“This is the news! Happy now?” Since The Day Today first aired 27 years ago, with Chris Morris’s anchor posing that provocative question, it has remained the gold standard for parodic current affairs absurdity (as well as a guide for all credible news producers of how not to do their jobs).
The show has enjoyed television immortality. For everyone involved – from co-creators Armando Iannucci and Morris through to Steve Coogan, whose now seminal sports hack Alan Partridge showed his face for the first time here – the show changed everything. This week, the original group – minus Rebecca Front, Peter Baynham and, inevitably, the elusive Morris – get together for a gentle grilling by Kirsty Wark in Radio 4’s The Reunion, to examine the show’s significance.
The Day Today has acquired a certain retrospective importance over the years, not just because of the careers it launched but also because, for a long time, it seemed to function as a deeply amusing but remarkably prescient early warning system. Here, prophetically, was the triumph of punditry over expertise, the final victory of presentational hysteria over calm rationality. There were illustrations of the idiocy of vox pops in Speak Your Brains, the segments during which the mesmerising Morris seemed to be able to induce passersby to say almost literally anything.
There was early citizen journalism in the shape of the sharp, ridiculous “Genutainment” slot – which not only anticipated the rise of mobile filming technology but also, somehow, Sky One’s 2016 series Dogs Might Fly, in which pooches attempted to land planes. (“If you don’t do it,” as Partridge would later say in another context, “Sky will.”) The Day Today – along with Morris’s later, even more provocative spoof Brass Eye – was a sign of the places that we, as a culture, might be heading.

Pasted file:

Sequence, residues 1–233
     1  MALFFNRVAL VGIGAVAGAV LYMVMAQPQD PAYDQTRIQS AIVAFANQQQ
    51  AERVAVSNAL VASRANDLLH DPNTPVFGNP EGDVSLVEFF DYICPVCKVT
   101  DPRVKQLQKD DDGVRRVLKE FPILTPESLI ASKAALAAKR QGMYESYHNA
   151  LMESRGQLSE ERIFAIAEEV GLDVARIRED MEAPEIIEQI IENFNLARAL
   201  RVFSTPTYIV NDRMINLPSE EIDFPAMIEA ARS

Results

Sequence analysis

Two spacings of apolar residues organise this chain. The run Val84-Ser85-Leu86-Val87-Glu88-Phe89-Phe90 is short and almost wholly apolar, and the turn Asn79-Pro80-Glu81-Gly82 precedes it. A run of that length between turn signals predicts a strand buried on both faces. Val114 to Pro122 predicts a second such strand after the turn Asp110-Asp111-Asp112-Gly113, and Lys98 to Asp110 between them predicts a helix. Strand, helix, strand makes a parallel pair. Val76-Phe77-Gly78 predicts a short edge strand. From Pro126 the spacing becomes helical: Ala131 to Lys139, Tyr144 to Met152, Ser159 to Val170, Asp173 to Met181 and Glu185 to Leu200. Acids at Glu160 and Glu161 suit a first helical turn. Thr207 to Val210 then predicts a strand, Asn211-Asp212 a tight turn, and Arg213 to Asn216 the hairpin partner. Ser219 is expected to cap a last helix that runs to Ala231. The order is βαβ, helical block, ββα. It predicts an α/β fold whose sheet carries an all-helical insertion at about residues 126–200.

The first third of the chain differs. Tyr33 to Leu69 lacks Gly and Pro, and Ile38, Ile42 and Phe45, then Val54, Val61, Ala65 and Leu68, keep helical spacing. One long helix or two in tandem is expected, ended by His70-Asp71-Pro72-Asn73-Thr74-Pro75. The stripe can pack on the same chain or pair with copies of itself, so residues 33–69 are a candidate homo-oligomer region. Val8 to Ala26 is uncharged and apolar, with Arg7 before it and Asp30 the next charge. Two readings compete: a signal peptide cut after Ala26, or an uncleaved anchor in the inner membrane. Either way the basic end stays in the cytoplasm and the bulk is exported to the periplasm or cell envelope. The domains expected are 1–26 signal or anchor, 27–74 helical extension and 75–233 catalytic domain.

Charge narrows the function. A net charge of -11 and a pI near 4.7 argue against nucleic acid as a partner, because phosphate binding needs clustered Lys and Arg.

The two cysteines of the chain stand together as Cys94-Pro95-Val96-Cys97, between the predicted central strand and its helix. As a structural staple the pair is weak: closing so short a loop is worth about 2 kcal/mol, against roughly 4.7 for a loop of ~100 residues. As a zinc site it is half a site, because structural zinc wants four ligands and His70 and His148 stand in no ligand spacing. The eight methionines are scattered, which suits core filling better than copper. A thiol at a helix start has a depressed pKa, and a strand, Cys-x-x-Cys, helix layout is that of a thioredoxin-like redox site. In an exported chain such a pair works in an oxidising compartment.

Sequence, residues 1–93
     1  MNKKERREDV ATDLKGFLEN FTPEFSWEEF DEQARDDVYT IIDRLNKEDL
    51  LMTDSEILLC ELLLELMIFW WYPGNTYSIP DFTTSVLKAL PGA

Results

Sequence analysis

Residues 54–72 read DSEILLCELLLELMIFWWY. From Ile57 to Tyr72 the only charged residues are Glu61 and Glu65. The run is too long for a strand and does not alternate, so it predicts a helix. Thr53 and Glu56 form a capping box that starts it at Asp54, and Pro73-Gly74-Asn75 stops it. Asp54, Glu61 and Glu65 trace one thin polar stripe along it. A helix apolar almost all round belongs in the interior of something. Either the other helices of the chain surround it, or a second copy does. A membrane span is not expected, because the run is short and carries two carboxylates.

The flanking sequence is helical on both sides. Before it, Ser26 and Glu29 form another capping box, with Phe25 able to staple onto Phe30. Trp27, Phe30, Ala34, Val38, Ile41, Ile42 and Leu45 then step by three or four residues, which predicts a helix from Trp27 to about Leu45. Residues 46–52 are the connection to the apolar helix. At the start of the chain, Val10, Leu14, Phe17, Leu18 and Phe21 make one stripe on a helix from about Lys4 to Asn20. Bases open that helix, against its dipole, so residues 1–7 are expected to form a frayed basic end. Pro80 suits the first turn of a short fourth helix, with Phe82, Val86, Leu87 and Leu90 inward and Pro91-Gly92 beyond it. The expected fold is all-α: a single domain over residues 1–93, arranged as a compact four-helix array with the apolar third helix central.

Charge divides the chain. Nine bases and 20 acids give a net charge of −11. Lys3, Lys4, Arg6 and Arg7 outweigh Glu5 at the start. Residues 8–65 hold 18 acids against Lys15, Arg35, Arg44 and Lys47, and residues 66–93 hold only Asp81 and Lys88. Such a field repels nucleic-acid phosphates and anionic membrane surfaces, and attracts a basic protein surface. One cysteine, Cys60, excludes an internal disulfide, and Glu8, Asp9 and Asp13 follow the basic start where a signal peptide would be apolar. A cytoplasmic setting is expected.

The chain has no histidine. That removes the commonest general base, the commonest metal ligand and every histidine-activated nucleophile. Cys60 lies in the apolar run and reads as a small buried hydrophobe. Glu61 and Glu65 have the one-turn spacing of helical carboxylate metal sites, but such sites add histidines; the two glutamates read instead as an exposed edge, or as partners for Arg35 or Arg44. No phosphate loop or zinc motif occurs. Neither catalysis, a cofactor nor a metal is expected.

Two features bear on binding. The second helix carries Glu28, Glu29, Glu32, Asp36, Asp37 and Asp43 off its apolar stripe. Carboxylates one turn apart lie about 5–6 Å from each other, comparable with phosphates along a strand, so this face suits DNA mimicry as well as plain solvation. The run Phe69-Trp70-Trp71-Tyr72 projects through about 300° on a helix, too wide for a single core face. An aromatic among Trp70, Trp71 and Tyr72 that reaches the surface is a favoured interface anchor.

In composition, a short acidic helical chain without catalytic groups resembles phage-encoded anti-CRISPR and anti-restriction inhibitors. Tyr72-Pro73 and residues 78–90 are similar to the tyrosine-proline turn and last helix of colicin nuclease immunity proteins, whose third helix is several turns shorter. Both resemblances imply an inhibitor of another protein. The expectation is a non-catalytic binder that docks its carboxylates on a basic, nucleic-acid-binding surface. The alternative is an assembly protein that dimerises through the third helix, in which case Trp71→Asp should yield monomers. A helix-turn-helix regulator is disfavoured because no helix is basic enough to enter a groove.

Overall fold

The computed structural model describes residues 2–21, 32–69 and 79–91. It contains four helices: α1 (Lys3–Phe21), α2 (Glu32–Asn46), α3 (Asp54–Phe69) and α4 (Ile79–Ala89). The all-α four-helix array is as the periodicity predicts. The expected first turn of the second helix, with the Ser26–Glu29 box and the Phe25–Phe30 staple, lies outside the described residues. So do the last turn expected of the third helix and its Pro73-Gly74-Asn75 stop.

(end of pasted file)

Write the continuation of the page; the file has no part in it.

Well: we are here now. The show’s subversion of style-over-content current affairs presentation has been outpaced by reality. In fact – possibly to the relief of its creators, but probably not to the benefit of the rest of us – The Day Today might finally have become satirically obsolete. As Iannucci points out himself in the reunion programme: “There is no ‘the news’ any more. You choose your own type of news now.”
The Day Today partly relied upon the notion of a singular, definitive version of the news, whose implicit gravitas allowed all manner of absurd presentational tropes and tics to consolidate unchallenged. But what price satire in the era of Dan Wootton burbling about Covid muzzles on GB News? The Day Today was underpinned not by the idea that the news would be ludicrously subjective, but the idea that it would be presented ludicrously. It was literally “fake news” (although some viewers took it seriously enough to complain about it), but as such it relied on the notion that a version of the news existed that could generally be regarded as “real”.
That does not feel like an accurate assessment of our current situation. We have the ludicrousness and the crazed subjectivity. The Day Today anticipated many things, but perhaps not the extent to which utter shamelessness would become the most valuable currency in modern media.
Fortunately, The Day Today worked on more than one level – which is why it is still worth celebrating and revisiting in 2021. The beauty of the show was that it wasn’t simply satirically sharp; it was – and remains – absolutely hilarious, the work of several singularly gifted comic minds, all beginning to speak their brains simultaneously.
In fact, as Iannucci says, the show was much more traditional than it seemed. Yes, in contrast to much BBC comedy of the time, it was different – it had northerners on it, plus people who hadn’t been to Oxford. But only a few. David Schneider mentions sheepishly that he and Iannucci met in the Bodleian Library at Oxford. But, more importantly, the format was familiar, too, as long as you saw it for what it was. “I was looking for a new way of packaging jokes, basically,” says Iannucci. “Don’t tell anyone, but it’s a sketch show. It’s not like I had some manifesto.”
This, finally, is the genius of The Day Today. It is a sublime sketch show. The recurring characters – such as Patrick Marber’s bumbling reporter Peter O’Hanraha-hanrahan and Doon Mackichan’s oddball business correspondent Collaterlie Sisters – are beautifully realised. The comic density is extraordinary. The details of the various setups, musical parodies and recurring skits are minutely and perfectly observed.
What finally shines through in The Reunion is that The Day Today must have been an utter joy to make. In fact, there is clearly a part of several cast members still wondering if the show might have continued. Did it have the legs to run further? Almost certainly. But, if it had, it is possible we might not still be discussing it with such awestruck delight now. We might have lost the news. But The Day Today lives on.
The Reunion: The Day Today is on BBC Radio 4 at 11am on 15 August and will be available on BBC Sounds